We Have A Problem 082, 05/12/09
HD Coming Soon?
One of the
reasons given for the recent re-tuning of Freeview channels was to pave the way
for the transmission of HD programmes. If I purchased a 1080p HDTV equipped
with a Freeview tuner today, would I be able to receive HD programmes when they
are eventually transmitted?
Barlow, by email
certainly not. Test transmissions are now underway in a couple of TV regions
but the national rollout of the four proposed Freeview HD channels will take
place between late 2010 and 2012. In order to receive them you will a special
Freeview HD set-top box or TV with a built in tuner. Several receivers purport
to have this capability but being an early adopter with any new technology or
format can be a very risky business. It’s possible that some current Freeview
HDTVs can be upgraded or retrofitted but it’s far more likely that
manufacturers will concentrate their efforts on introducing new HD models.
purchase of a digital projector and laptop computer has opened up many new
possibilities for the lectures and presentations at our retired peoples’
learning group. Our own members and visitors bring their PowerPoint files and
slides on CDs, DVDs and USB sticks.
access the Internet at the rented meeting rooms we use and so this prevents us
from downloading security updates or maintaining virus control software. We are
concerned that there may be a transfer of a virus or other threats through this
arrangement or, with the risk of many users, unauthorised use of the computer.
Can you advise on how we protect ourselves from any possible risk?
security applications operate all of the time and are independent of the
Internet; they only require an occasional connection to download new
‘signature’ files. Provided you can access the Internet and update your
software once or twice a week you should be covered against all but the most
recent threats, which you are very unlikely to encounter on PowerPoint files
and recordable media, unless of course a technically savvy member of group has
On a more
serious note, there are a couple of steps you can take to ensure that no harm
comes to your laptop. The first method is to install a ‘Virtual PC’.
Essentially this is a piece of software that creates PC within a PC. If the
virtual PC is infected or suffers a fatal crash the ‘real’ PC and operating in
which it is running will be unaffected. The new Windows 7 operating system has
a Virtual PC built in but if you are running XP or Vista you can try it for
yourself with a free download from Microsoft called Virtual PC 2007 (http://tinyurl.com/yeul4gq).
is to install a copy of the Linux operating system on your laptop so you have a
choice of operating systems at boot up. Most versions of Linux come with
OpenOffice.Org, a suite of programs similar to Microsoft Office. This includes
an AV presentation program that’s compatible with PowerPoint, and like Linux it
is virtually immune to viruses and malware infections. There is a simple to
follow tutorial on dual-booting Linux and Windows in Boot Camp 446 (http://tinyurl.com/cguygj)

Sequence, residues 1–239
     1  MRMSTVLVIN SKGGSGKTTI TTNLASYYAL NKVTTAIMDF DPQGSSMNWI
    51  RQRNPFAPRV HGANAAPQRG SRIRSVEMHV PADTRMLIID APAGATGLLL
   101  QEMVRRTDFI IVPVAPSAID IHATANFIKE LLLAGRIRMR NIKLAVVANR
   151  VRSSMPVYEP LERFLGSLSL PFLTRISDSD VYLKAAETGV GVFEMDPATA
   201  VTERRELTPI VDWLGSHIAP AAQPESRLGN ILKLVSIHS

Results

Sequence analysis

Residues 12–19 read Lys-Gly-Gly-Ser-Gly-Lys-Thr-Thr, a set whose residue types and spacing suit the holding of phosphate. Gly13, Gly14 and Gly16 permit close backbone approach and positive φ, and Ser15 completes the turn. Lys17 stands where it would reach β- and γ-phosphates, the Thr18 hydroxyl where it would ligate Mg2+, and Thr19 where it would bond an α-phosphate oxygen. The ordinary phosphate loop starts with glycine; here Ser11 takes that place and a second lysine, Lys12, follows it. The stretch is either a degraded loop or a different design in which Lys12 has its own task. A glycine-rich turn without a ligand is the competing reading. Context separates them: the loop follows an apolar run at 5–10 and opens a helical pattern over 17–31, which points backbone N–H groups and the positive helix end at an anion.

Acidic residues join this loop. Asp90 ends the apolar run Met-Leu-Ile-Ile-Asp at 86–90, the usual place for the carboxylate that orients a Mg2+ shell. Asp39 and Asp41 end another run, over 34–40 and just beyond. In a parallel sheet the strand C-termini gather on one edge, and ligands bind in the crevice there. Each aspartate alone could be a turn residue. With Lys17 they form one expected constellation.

Freesat TV using a Humax receiver. If I tell the set up my postcode is RG26 I
get ITV 1 Central Southern and London channels. If I tell the set up my
postcode is PH1 I get ITV 1 Scottish Television and London channels. How do I
get Central Southern and STV together, without London ITV? Is there a magic
Not as far
as I’m aware but as you have discovered you can switch regions by changing the
postcode. This is a useful fix for Freesat viewers in some remote parts of the
UK and overseas who cannot receive broadcasts due to the receiver’s software
not recognising their location. There’s a handy list of postcodes that you can
use to fool the receiver into thinking it’s in a particular region on the Satellites.co.uk
website at: http://tinyurl.com/yakt4xk
I have a
variety of Microsoft manuals, and one for an IBM PS/1 PC; all dating from
January 1993, when I had my first PC. They cover Windows (v.3.1), MS Word,
Office, Word for Windows, Excel and other related items. They take up a lot of
shelf space and are very heavy; are they likely to be of any use or interest to
anyone, or do I put them in the re-cycling bin?
I have a
very similar collection and judging by what I see on many charity shop
bookshelves we are not alone. Maybe they’ll become sought after collector’s
items in 50 years but at the moment they have little or no value. They were
printed in vast numbers and to be honest there’s very little demand for outdated computer manuals, moreover most, if not all of them, are
available in online archives.
I am thinking about
buying a small netbook or notebook PC, which I will use mainly for my genealogy
studies. Can you tell me how to get my family tree program on to a
notebook PC without a disc drive (I have the original CDs)?
P A Townsend, by
cases you can copy the entire contents of an installation disc to a blank USB
stick. When you plug it into the PC the program setup usually starts
automatically and it installs in exactly the same way as a CD. Occasionally
this doesn’t work, in which case you will have to open the disc in Windows
Explorer and double-click on the Setup icon to manually start it. A small
number of installation discs cannot be copied to a USB drive but again it’s not
a problem. The solution is to use an external CD/DVD drive, which are widely
available for £30 or so. It plugs into one of the PC’s USB ports and once the
computer has recognised it you can use it in exactly the same way as an
Maybury 2009 0911